You have finally finished your manuscript and are looking to close your publishing deal. The next, critical step is to retain counsel to provide legal advice on any publishing agreement.
Publishing companies, in general, will use a form agreement in negotiations with an author. Keep in mind, however, that form agreements are usually drafted by attorneys hired by the publisher and may not be written with the author’s best interests in mind. Here is a limited list of provisions typically found in publishing agreements, and points to be negotiated.
Copyright: Authors may get sidetracked in negotiations over whose name will be on the copyright of the work. Keep in mind, however, that even if the registered name on copyright is the author, those rights will be subject to the publishing agreement allowing the publisher to exploit those rights. Under U.S. copyright laws, the author retains the right to terminate the grant of the copyright to the publisher under certain circumstances, and this termination right cannot be waived by contract prior to a termination.
Licensing: This provision is the standard means by which the publisher will seek to gain many if not all of the rights to the work. These rights will include the right to license, sell and publish the work and will also identify additional licensing rights, such as electronic, multi-media, microfilm, audiocassette, performance rights, among others. While it may be acceptable to license the rights to one publishing company, the author should ensure that he or she receives a percentage of proceeds from the negotiation and exploitation of these rights.
Representations and Warranties: This provision requires the author to guarantee that the manuscript and materials are in fact the rightful property of the author and have not been plagiarized, stolen, or previously sold to another publisher. While a warranty provision is necessary for the publisher, the author’s liability should be limited for conditions that arise at no fault of the author. In addition, publishers will generally require clearances that the author’s materials have been used with permission by their owners and that the author has a license to use them, whether in the form of a quote, photograph, or other sources of information provided by third parties. It is usually best for both the author and the publisher to obtain licenses because any litigation that ensues will likely name both of them.
Approvals: The publisher will generally retain the right to make revisions, but usually subject to the author’s approval. During the final stages of production, however, the author’s changes to a manuscript may be limited.
Advances and Royalties: Advances, typically taken against royalties, provide the author with financial support prior to the book being completed. Royalties identify the profitability of the work to the author and usually range anywhere from 5% to 15%. Additional provisions may include escalation clauses providing a lower percentage royalty for the first set of copies (for example, 5,000 copies) and a higher rate for the next.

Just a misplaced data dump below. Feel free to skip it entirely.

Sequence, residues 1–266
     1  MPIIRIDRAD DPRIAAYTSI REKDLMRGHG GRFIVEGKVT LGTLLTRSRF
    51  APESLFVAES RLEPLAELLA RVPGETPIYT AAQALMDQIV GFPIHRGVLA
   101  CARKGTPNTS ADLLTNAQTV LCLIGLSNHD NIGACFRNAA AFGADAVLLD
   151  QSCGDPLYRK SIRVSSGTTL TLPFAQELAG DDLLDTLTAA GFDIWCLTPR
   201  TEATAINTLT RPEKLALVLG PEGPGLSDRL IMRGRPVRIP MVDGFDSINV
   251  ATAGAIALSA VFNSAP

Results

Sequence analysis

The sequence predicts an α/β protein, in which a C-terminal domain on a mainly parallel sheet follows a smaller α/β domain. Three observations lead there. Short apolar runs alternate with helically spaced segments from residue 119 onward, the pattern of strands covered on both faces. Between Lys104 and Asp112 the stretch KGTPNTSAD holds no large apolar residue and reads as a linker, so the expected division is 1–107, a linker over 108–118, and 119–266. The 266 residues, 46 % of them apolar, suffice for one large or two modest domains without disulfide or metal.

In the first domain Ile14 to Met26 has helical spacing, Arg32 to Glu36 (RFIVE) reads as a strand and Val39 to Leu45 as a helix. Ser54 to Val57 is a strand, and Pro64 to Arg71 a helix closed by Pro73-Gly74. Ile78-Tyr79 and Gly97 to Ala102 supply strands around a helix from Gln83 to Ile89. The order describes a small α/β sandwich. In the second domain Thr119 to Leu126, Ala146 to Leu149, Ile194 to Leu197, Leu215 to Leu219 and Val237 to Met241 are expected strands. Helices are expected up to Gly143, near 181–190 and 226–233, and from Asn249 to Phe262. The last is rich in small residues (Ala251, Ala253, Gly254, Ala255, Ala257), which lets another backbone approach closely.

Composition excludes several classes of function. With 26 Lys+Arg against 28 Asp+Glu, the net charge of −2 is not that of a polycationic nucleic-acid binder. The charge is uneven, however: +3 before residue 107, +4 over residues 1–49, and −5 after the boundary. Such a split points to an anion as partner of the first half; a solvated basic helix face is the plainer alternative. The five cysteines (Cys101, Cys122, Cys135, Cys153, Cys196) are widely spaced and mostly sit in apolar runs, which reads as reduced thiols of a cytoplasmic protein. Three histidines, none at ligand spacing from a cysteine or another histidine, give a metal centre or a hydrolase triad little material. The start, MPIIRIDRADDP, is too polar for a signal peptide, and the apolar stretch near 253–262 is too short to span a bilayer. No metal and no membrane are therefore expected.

Termination of Agreement: Several issues must be parsed in order to have a full disclosure of what transpires upon dissolution of the relationship between author and publisher. One instance in which an agreement may be terminated is if the book is declared “out of print” by the publisher. But what exactly does “out of print” mean and who can define the phrase in light of the contract? What are the pre-conditions that must take place in order for the book to be declared “out of print” and what must happen upon that event? More important, what are the parties’ rights in the event of a termination? Will the author be able to secure a list of outstanding licenses and other third-party deals executed by the publisher? Upon termination, will the author own the intellectual property rights in the work? In addition, is the author entitled to any reacquired stock of the work?
Stock: Publishing agreements often provide that the author will receive a set number of copies of the work to give to friends and family. Any stock that remains unsold can be reacquired by the author, usually at a reduced rate.
Assignment: Ownership of the rights in the work will impact what the author or publisher can do with the work down the road. For example, a publisher that has not been assigned the rights in a work will not be permitted to transfer company such rights without written permission from the author.
The list of items above is by no means exhaustive. Rather, it is a sampling of the many issues that any author should consider and negotiate with the help of legal counsel.
For more information please contact Pamela K. Riewerts at (410) 583-2400 or email@example.com.